Mademoiselle Baptistine was a tall, pale, thin, sweet person, the personification of that ideal expressed by the word respectable; for it seems a woman must be a mother to be esteemed. She had never been pretty, but her entire life, which had been merely a succession of holy works, had ended up laying a sort of whiteness and brightness over her; as she aged, she had gained what you could describe as the beauty of goodness. What had been skinniness in her youth had become transparency with maturity; and this diaphanous quality revealed the angel within. She was more of a spirit than a virgin. She seemed a mere shadow with scarcely enough of a body to have a gender; just a bit of matter bearing a light, with great big eyes always lowered to the ground, an excuse for a spirit to remain on earth.

Madame Magloire was a little old lady, white skinned, plump, round, busy, always wheezing, first because of always bustling about and second because of her asthma.

When he first arrived, Monsieur Myriel was set up in his episcopal palace with all the honors required by imperial decree, which ranked bishops immediately after field marshals.10 The mayor and the president of the local council were the first to visit him, and on his side, he made his first visits to the general and the chief of police.

Once he had moved in, the town waited to see their bishop on the job.

II. Monsieur Myriel Becomes Monseigneur Bienvenu

The episcopal palace of Digne was next door to the hospital. The episcopal palace was a vast and handsome town house built in stone at the beginning of the previous century by Monseigneur Henri Puget, doctor of theology of the faculty of Paris and abbé of Simore,1 who had been bishop of Digne in 1712. The palace was truly a mansion fit for a lord. Everything about it was on the grand scale, the bishop’s apartments, the drawing rooms, the bedrooms, the main courtyard, which was huge, with covered arcades in the old Florentine style, and the gardens planted with magnificent trees. It was in the dining room, which was a long and superb gallery on the ground floor opening onto the grounds, that Monseigneur Henri Puget had, on July 29, 1714, ceremoniously fed the ecclesiastical dignitaries, Charles Brûlart de Genlis, archbishop prince of Embrun, Antoine de Mesgrigny, Capuchin bishop of Grasse, Philippe de Vendôme, grand prior of France, abbé of Saint-Honoré de Lérins, François de Berton de Crillon, bishop baron of Vence, César de Sabran de Forcalquier, lord bishop and lord of Glandève, and Jean Soanen, priest of the oratory, preacher in ordinary to the king, lord bishop of Senez.2 The portraits of these seven reverend fathers embellished the dining room and the memorable date of July 29, 1714, was engraved there in gold lettering on a white marble panel.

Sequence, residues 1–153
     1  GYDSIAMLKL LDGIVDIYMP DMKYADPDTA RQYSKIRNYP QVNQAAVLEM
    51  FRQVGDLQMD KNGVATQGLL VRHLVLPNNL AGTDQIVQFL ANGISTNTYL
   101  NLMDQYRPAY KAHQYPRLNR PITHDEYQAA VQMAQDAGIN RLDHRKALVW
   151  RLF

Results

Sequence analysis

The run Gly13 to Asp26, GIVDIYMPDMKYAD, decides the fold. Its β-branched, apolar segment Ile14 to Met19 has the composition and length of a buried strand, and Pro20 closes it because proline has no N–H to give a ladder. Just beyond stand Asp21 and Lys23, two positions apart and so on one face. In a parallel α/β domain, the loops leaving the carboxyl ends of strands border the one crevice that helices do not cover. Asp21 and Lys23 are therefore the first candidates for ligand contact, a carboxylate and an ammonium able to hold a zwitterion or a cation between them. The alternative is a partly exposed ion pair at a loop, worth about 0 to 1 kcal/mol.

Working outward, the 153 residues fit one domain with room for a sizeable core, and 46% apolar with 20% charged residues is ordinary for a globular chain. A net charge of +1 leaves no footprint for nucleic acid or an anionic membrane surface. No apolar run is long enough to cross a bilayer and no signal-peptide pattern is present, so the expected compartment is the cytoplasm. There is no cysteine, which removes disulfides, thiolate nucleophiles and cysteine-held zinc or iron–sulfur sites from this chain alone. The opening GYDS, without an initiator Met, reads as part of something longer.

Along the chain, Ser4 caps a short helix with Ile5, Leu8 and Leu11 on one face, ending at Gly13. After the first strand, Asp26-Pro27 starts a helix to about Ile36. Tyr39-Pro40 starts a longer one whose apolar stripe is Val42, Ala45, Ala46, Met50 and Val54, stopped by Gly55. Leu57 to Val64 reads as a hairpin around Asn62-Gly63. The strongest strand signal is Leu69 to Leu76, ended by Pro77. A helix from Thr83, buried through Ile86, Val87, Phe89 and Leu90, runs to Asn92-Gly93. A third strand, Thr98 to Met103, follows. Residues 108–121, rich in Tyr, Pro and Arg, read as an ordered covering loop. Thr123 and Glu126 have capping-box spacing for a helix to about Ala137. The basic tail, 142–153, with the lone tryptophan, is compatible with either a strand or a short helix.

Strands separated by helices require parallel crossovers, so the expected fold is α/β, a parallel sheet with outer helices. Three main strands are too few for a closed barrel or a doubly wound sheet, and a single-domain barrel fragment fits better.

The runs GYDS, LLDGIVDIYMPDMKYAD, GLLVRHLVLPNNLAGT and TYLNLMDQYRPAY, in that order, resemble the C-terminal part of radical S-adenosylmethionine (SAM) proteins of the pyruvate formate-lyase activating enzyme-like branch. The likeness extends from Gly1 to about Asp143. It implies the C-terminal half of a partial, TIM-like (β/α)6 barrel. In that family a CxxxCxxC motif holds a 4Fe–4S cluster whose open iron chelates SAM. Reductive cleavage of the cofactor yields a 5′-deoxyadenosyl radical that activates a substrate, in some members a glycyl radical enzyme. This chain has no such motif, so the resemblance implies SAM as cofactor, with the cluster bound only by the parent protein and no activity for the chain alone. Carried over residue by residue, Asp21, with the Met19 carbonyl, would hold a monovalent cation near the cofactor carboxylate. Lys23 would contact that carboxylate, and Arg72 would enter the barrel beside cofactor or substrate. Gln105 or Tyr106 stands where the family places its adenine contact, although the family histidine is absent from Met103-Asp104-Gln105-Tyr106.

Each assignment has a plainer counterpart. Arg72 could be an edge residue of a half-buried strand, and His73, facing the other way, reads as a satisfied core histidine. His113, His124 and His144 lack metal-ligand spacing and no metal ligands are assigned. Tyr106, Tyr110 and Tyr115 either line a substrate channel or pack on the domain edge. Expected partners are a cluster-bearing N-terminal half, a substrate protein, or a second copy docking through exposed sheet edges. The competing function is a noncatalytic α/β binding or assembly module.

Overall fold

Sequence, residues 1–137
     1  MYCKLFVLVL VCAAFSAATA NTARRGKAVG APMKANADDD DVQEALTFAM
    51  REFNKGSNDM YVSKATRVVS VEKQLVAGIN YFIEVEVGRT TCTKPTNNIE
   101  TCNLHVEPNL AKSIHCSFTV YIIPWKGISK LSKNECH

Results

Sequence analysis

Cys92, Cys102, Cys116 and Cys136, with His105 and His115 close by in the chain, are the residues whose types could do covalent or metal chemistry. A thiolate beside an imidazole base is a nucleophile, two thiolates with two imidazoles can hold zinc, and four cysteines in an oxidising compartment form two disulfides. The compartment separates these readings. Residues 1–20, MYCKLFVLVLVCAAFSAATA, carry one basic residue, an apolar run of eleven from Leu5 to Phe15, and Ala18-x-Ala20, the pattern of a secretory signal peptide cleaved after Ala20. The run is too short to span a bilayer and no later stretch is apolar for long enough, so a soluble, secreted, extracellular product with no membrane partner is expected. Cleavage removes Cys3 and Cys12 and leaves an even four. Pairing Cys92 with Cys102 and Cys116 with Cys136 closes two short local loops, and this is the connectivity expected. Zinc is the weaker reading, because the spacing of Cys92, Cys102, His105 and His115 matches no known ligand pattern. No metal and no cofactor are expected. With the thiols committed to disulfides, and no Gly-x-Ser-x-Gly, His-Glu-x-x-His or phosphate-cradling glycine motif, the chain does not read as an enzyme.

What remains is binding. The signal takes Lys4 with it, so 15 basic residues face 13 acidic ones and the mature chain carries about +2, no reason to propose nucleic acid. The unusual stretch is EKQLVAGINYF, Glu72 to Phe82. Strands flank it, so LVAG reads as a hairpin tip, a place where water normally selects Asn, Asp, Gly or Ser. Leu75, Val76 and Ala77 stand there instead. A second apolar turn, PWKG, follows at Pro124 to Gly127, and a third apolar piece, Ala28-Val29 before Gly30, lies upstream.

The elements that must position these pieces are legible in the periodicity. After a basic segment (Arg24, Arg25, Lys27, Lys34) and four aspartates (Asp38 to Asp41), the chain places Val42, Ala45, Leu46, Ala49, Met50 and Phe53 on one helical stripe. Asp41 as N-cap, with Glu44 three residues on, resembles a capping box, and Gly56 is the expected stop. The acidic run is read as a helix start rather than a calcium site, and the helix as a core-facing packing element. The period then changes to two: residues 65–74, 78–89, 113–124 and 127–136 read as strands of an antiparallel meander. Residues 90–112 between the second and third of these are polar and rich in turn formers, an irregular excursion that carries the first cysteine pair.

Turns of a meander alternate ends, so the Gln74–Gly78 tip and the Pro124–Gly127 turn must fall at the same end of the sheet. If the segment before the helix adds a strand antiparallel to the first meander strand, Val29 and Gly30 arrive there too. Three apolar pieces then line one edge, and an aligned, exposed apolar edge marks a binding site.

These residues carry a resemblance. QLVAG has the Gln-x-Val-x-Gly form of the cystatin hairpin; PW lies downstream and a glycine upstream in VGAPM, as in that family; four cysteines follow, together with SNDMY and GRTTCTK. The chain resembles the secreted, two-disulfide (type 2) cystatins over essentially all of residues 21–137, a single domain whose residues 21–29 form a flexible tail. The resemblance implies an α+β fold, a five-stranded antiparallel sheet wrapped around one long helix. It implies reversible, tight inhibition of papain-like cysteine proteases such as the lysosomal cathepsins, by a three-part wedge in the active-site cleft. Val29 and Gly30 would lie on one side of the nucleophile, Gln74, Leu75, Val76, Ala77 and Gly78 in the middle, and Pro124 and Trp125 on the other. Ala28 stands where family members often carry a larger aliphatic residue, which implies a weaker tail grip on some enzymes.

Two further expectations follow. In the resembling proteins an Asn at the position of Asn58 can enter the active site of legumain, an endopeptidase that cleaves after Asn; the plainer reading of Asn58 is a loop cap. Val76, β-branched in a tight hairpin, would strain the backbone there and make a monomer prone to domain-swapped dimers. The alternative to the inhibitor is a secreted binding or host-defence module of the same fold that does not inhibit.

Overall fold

The hospital was a low, narrow, single-story house with a small garden.

Three days after his arrival, the bishop visited the hospital. When his visit was over, he politely begged the director to accompany him back to his place.

“Monsieur le directeur, how many sick people do you have in your hospital at the moment?”

“Twenty-six, Monseigneur.”

“That’s what I counted,” said the bishop.

“The beds are all jammed together,” the director went on.

“That’s what I noticed.”

“The living areas are just bedrooms, and they’re difficult to air.”

“That’s what I thought.”

“Then again, when there’s a ray of sun, the garden’s too small for the convalescents.”

“That’s what I said to myself.”

“As for epidemics, we’ve had typhus this year, and two years ago we had miliary fever—up to a hundred were down with it at any one time. We don’t know what to do.”

“The thought did strike me.”

“What can we do, Monseigneur?” said the director. “You have to resign yourself to it.”

This conversation took place in the dining-room gallery on the ground floor. The bishop fell silent for a moment, then suddenly turned to the hospital director.

“Monsieur,” he said, “how many beds do you think you could get in this room alone?”

“Monseigneur’s dining room?” cried the astonished director.

The bishop sized up the room, giving the impression he was taking measurements and making calculations by eye alone.

“It could easily hold twenty beds!” he mumbled, as though talking to himself. Then he spoke more loudly. “Look, my dear director, I’ll tell you what. There has obviously been a mistake. There are twenty-six of you in five or six small rooms. There are three of us here and we’ve got enough room for sixty. There’s been a mistake, I’m telling you. You’ve got my place and I’ve got yours. Give me back my house. This is your rightful home, here.”

The next day, the twenty-six poor were moved into the bishop’s palace and the bishop was at the hospital.

Monsieur Myriel had no property, his family having lost everything in the Revolution. His sister got an annuity of five hundred francs, which was enough for her personal expenses, living at the presbytery. Monsieur Myriel received a salary of fifteen thousand francs from the government as bishop. The very day he moved into the hospital, Monsieur Myriel decided once and for all to put this sum to use as follows. We transcribe here the note written in his hand.